White House Chief of Staff Mark Meadows said in an interview on Sunday that US Postal Service mail sorting machines will not be removed until Election Day. However, internal USPS documents reveal a majority of the USPS mail sorting machines have already been removed.
Meadows told CNN's Jake Tapper on 'State of the Union' that the USPS would not remove any more mail sorting machines until after the presidential election following allegations that the Trump administration is trying to "sabotage" the election by hamstringing the Postal Service's ability to handle an unprecedented surge of absentee ballots in November.
Majority of Machines Scheduled for Removal Already Decommissioned
According to USPS planning documents, nearly 95% of the mail sorting machines that were slated for removal over the last few months would have already been taken out of service by now.
Documents from June reveal the USPS planned to remove 502 DBCS (Delivery Barcode Sorter) machines, or 13.2 percent of its total inventory by September 30. These machines are responsible for sorting envelope mail, which would include ballots for voters. However, nearly 95%, or 475, of those machines that were scheduled to go offline by the end of July, according to the documents.
It is not yet clear how many machines were actually removed by USPS, but union officials across the country confirmed that a number of these mail sorting machines, in addition to other machines, have either been removed or are in the process of removal.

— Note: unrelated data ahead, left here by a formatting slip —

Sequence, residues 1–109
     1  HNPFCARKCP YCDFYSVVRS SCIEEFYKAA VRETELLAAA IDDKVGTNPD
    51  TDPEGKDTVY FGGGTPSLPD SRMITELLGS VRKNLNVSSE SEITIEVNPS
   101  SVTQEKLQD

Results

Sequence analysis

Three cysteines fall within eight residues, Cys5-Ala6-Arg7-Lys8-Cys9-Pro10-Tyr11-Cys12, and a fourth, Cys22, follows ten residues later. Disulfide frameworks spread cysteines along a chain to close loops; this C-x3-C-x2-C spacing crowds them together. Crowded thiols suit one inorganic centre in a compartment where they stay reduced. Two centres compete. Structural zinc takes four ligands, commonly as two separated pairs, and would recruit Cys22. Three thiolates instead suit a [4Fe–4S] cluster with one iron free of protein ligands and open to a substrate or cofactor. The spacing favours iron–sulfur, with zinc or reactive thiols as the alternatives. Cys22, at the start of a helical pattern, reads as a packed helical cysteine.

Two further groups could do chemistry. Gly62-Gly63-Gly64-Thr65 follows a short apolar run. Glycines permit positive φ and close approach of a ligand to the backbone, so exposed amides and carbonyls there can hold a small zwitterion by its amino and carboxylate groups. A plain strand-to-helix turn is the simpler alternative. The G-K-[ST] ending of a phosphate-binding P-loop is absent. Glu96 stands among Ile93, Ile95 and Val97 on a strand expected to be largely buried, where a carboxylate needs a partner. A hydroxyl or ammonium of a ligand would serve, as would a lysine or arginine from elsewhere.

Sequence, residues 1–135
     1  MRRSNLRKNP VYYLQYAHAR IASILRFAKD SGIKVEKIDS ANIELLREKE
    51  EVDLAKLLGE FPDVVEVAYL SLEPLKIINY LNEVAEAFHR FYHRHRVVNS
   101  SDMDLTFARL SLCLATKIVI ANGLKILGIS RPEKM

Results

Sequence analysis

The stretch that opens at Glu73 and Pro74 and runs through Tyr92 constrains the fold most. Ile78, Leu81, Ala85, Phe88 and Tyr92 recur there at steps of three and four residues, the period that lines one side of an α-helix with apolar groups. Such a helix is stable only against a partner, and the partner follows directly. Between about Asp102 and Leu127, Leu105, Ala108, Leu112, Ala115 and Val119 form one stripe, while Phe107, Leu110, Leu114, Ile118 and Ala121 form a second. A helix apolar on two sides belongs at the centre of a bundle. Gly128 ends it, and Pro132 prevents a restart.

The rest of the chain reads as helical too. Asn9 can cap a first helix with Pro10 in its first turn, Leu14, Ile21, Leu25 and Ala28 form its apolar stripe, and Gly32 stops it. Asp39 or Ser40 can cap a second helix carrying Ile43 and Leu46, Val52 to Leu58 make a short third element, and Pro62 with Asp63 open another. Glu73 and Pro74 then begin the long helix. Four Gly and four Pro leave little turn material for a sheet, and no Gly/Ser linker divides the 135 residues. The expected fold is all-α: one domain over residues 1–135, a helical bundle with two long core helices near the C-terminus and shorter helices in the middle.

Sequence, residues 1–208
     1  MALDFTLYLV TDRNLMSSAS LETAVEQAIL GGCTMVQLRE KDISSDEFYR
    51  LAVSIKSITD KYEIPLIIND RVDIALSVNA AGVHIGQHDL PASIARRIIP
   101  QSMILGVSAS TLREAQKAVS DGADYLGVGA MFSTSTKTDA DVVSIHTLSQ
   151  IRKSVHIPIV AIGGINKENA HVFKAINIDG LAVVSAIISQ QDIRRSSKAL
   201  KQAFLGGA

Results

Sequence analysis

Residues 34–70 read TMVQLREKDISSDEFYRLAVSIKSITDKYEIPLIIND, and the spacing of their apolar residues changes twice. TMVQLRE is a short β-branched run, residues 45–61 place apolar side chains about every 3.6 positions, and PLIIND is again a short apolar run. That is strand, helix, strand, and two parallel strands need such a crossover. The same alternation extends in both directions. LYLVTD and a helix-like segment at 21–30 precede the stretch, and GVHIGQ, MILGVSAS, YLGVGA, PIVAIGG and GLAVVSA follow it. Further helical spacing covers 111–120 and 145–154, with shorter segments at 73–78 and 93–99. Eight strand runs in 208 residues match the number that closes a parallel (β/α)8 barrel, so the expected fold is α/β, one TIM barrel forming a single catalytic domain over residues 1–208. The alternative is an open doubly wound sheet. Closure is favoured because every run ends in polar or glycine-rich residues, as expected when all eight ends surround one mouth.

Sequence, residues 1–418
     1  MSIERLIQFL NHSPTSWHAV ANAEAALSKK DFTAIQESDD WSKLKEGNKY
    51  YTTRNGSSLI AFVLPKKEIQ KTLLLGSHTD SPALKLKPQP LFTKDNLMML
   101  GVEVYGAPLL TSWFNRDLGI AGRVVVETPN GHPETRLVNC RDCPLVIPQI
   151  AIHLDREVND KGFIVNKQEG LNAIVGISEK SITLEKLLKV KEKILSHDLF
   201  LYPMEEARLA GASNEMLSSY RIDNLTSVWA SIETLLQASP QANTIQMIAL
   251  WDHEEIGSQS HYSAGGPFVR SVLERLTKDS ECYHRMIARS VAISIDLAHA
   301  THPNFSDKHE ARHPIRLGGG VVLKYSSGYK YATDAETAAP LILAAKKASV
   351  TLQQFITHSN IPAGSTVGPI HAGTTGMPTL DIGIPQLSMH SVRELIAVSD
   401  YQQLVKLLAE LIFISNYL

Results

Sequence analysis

Is Trump Trying to 'Sabotage' the Election?
Over the last few days, social media has been flooded with images of USPS mailboxes being removed in cities across the United States, prompting USPS spokeswoman Kim Frum to issue a statement saying that the "Postal Service will postpone removing boxes for a period of 90 days."
However, after Frum said the mail collection boxes will not be removed from their locations for at least three months, several social media users shared photos and clips of what appears to be "locked" USPS mailboxes in their respective cities.
This has led many to believe that that Trump is intentionally having them disabled in a bid to obstruct mail-in voting in the upcoming presidential election. Trump has been a vocal critic of mail-in voting, which, in the middle of a pandemic, allows the nation the safest means of casting their votes in November.
Over the past few months Trump has falsely claimed that the widespread mail-in voting will lead to voter fraud and on Thursday, he admitted to starving the USPS of funds to so "they can't have universal mail-in voting." This has sparked speculation that the President is intentionally trying to hamper the Democrats' election preparation efforts and help his re-election bid.
Late last week, the Trump administration reshuffled USPS leadership and consolidated authority under Postmaster General Louis DeJoy, a Trump ally and a major Republican donor who has seemed to actively work to intentionally slow down the service's mail-delivering capabilities since his appointment in May.
A slower mail service could have a big impact this fall because an unprecedented number of Americans are expected to vote by mail and many states require a ballot to arrive at an election office by election day, regardless of when it was put in the mail, in order to be counted.